If nine people from Panola had been killed in Iraq this year, we would all be outraged.
Nine fire deaths. And these victims did not choose to be in harm’s way.
If you thought South Panola football was the only area our community is nationally ranked, think again. Again we are reminded that Panola County leads Mississippi and Mississippi the nation in fire deaths.
As we close an election year where almost every county candidate threw support behind rural fire protection, we now have an opportunity to see if the hype was sincere or political hot air. But we don’t need to wait. Another life was lost Wednesday.
Smoke alarms will soon be available through the Panola County’s Emergency Management Agency. But that’s not enough. Shiny new red fire trucks can only do so much. When the City of Batesville began stringent enforcement of building codes, some wailed and screamed.
Existing structures were often grandfathered, but new construction, property that changed ownership and rental property had to pass inspection each time occupancy changed. It took awhile, but after a few years of enforcement of building codes, the city’s fire safety record improved and continues in that direction. Even with Panola’s the largest population concentration there have been no fire deaths in Batesville in such a long time that Batesville Fire Department officials are currently researching to determine the date of the last life lost to fire in its city limits. This is no accident.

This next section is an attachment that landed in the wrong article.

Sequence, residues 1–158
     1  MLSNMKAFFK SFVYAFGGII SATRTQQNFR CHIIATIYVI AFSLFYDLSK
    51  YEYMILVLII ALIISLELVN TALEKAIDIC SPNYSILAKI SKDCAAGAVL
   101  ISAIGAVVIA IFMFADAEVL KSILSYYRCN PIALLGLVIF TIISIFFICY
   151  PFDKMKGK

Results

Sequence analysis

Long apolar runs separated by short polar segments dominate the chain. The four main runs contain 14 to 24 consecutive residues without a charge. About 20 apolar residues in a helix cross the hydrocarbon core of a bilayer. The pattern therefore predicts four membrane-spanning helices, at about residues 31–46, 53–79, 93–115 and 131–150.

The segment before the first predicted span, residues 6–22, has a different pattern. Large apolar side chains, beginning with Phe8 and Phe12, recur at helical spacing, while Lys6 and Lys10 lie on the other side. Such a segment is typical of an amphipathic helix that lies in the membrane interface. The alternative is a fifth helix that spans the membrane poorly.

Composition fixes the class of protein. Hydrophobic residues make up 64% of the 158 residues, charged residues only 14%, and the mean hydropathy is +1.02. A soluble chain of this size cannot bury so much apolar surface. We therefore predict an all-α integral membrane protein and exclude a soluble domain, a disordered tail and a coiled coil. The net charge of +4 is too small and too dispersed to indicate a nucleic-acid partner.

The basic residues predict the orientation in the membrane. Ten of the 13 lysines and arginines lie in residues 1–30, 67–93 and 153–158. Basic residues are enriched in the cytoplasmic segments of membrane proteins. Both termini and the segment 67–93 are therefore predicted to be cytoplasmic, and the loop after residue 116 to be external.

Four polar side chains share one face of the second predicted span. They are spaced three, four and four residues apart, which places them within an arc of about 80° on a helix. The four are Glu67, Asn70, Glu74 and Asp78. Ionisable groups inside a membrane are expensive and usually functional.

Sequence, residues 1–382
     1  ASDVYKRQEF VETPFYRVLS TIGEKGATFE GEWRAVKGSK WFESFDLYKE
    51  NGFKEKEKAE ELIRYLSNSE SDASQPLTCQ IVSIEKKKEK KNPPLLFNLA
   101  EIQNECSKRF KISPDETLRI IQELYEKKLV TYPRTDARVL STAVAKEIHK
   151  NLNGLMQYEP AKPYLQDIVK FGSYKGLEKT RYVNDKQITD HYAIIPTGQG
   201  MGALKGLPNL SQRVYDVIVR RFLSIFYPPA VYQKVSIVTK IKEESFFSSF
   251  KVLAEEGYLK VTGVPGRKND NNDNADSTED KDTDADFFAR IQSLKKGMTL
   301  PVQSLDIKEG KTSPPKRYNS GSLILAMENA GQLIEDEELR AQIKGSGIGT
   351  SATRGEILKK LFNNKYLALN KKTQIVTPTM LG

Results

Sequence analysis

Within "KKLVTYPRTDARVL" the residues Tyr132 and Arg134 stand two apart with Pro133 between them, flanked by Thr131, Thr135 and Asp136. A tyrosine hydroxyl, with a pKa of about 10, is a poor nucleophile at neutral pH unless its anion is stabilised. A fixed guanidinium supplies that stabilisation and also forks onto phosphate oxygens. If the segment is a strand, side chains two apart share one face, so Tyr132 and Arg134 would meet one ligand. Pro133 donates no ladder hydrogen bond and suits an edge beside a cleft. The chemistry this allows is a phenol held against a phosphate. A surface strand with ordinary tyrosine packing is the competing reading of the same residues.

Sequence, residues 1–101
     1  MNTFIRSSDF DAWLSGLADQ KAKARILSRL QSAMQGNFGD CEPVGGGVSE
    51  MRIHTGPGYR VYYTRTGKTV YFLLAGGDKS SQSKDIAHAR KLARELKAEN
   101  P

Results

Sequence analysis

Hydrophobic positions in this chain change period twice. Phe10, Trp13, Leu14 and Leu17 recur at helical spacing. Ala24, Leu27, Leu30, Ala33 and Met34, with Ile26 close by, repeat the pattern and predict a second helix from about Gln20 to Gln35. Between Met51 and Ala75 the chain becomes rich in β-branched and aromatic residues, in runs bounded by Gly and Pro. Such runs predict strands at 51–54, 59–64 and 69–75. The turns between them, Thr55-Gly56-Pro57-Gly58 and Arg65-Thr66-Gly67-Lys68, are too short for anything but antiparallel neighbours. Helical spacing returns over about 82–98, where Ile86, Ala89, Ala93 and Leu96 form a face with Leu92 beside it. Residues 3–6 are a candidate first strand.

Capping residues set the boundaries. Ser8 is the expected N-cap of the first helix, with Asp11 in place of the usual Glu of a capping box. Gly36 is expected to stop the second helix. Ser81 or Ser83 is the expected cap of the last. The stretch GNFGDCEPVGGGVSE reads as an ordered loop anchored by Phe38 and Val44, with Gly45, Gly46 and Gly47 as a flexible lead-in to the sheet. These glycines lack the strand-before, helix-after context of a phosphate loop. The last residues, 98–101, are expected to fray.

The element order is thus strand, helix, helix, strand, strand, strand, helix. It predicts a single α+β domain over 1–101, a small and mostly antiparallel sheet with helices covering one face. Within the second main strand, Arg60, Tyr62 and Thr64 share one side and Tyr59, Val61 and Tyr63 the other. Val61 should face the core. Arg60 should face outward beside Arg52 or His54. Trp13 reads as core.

Immediate fire protection begins with smoke alarms, fire prevention education, fire trucks and equipment, but sustainable, long-term safety will require a serious commitment from county government — a commitment that may initially draw “heat” from the ill-informed but provide a truly safe environment for Panola’s children and our families.
Batesville’s fire safety record proves that building codes protect citizens’ lives.